Apr 09 2009
LILAC 2009 (The Librarians Information Literacy Annual Conference) Cardiff
I’m amazed how quickly LILAC comes around each year. This year was the 5th and it took place at Cardiff University. As usual there were familar faces like John and I’s but this year I noticed that there were quite a few first timers who were enthused about the conference - the keynotes, the parallel sessions, the networking evening at Caerphilly Castle and the conference dinner at the National Museum Cardiff. If that all sounds exhausting then believe me it was. John and I were there to do a presentation at the parallel session (just after the first keynote on the Monday afternoon) – Taking Information Literacy beyound the library. The session went well with 35 people attending and several questions asked at the end with a couple of people seeking us out to discuss specific issues that they wanted advice about including links with schools / transition.
Unfortunately on at the same time was Christopher Walker talking about his PHd research Seeking information: A study of the use and understanding of information by parents and young children. This a really interesting project and an area that hasn’t really been looked at. Speaking to Christopher later at the social networking event he updated us on his research which has been completed and he is currently working on his findings. It is just a pity that he got so few people attending his session.
One parallel session that was fully booked was Moira Bent and Elizabeth Stockdale Integrating information literacy as a habit of learning – assessing the impact of a golden thread of IL in the curriculum. Moira is a Faculty Liasion Librarian and Elizabeth is a Lecturer – Environmental Studies at Newcastle University. The golden thread of explicit information literacy skills was introduced, taught, practiced and assessed within Elizabeth’s environmental studies programme. Learning logs (what the students did, what they learnt, what they will do next time) and search strategies were submitted as part of credit baring assessments. Informal reviews of the approaches were also made through conversations with staff and students. Elizabeth shared with us some of the things she had learnt as a lecturer:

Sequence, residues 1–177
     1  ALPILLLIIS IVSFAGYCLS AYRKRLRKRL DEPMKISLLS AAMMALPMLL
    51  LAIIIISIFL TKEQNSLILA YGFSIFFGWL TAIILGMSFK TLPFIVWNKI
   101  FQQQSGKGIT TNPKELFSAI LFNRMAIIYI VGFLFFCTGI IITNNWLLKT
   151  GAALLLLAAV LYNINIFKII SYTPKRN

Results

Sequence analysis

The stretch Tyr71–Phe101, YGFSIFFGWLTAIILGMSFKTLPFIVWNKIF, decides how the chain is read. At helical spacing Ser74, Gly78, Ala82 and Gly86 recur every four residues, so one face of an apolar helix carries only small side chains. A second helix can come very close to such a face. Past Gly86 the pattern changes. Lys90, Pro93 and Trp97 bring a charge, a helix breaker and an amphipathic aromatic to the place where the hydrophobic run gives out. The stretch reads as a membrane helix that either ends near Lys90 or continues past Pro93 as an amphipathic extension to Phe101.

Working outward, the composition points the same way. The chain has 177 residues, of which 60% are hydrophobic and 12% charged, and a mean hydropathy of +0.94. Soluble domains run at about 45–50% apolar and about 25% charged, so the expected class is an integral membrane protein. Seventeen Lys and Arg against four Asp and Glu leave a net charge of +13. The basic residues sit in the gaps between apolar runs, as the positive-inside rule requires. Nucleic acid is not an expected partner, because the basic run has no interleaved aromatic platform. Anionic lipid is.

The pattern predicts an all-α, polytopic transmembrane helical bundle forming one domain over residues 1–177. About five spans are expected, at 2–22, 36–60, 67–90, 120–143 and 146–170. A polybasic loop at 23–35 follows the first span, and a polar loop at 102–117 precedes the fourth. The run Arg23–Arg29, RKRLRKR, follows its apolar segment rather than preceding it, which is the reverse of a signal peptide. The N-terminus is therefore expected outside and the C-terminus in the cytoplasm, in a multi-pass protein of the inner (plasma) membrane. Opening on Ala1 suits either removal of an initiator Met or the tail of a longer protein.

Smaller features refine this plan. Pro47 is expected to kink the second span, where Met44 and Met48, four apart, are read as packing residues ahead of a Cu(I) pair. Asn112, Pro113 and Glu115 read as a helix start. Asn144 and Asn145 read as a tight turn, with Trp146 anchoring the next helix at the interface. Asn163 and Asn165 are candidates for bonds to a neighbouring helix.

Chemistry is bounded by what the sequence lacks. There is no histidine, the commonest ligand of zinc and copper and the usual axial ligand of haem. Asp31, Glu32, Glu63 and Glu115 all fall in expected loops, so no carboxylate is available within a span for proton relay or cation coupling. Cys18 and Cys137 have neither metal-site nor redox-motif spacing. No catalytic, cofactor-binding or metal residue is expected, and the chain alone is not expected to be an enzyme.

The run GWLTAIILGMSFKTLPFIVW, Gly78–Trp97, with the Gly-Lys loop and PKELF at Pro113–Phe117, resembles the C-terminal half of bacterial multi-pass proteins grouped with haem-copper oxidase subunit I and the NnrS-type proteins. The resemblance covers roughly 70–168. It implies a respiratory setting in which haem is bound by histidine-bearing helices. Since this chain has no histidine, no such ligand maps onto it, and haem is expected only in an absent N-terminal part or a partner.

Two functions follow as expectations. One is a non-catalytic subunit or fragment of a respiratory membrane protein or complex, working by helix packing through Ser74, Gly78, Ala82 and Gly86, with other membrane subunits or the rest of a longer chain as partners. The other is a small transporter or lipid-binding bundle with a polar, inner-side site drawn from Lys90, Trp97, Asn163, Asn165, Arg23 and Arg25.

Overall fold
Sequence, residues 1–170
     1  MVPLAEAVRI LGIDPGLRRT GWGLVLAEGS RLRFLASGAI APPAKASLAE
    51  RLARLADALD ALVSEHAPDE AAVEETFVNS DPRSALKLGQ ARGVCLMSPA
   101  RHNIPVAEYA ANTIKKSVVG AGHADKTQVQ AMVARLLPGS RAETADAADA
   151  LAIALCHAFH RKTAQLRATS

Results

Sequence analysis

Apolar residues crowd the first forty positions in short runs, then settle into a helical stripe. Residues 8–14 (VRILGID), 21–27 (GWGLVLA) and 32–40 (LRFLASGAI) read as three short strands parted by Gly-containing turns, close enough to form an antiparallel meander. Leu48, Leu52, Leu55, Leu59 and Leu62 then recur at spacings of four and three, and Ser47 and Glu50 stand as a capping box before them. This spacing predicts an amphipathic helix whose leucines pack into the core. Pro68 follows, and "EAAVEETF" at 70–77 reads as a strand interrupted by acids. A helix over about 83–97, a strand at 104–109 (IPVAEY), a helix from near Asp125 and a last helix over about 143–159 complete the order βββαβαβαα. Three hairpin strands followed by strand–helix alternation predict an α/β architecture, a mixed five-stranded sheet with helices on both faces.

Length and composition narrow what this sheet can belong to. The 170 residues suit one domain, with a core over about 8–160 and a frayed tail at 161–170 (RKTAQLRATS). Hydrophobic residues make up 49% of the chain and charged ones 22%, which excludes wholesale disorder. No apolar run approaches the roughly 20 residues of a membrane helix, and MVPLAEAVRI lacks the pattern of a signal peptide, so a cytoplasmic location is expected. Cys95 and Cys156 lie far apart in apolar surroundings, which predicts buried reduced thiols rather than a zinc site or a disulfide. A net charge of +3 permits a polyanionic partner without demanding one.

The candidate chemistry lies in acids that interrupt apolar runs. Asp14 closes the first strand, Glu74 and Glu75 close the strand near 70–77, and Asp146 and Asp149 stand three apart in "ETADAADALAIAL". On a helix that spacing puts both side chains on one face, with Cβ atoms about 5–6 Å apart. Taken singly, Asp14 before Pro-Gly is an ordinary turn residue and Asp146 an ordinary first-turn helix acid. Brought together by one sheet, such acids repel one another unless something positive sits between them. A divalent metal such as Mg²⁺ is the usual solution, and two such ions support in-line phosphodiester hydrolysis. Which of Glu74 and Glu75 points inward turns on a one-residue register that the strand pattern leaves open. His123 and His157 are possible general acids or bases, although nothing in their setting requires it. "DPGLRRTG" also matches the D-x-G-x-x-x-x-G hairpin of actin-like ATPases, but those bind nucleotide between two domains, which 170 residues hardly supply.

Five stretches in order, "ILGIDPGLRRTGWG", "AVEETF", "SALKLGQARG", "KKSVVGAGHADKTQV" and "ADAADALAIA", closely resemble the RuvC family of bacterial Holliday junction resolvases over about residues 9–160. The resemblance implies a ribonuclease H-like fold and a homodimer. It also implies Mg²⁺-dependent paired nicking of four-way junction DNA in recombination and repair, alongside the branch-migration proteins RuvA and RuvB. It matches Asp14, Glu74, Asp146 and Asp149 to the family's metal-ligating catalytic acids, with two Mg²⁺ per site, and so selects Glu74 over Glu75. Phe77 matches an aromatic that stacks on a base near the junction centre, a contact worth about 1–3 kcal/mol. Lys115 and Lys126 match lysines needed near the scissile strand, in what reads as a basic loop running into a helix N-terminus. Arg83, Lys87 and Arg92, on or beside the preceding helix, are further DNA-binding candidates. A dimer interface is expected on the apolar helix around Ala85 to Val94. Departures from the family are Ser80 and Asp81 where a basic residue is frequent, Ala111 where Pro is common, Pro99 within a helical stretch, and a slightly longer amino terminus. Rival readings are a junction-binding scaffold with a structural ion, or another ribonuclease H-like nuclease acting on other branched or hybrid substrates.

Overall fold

- students need encouragement to reflect on skills development
- direct and credit-bearing assesment – if they want to know if they have done stuff I need to assess
- library session – if lecturer goes with students it shows it is valued also they might learnt a thing a two
Moira then shared some of the things she had learnt:
- students benefit from reflecting about their information literacy abilities
- information literacy isn’t just for librarians
- we also need to think about teaching habits not just learning habits.
It was really good to see a joint presentation between a librarian and a lecturer and hear their views about information literacy teaching and students. It would be good to see more of this at LILAC.
The presentations should be available from the LILAC 2009 website at some stage.
I will do some more postings about the conference later.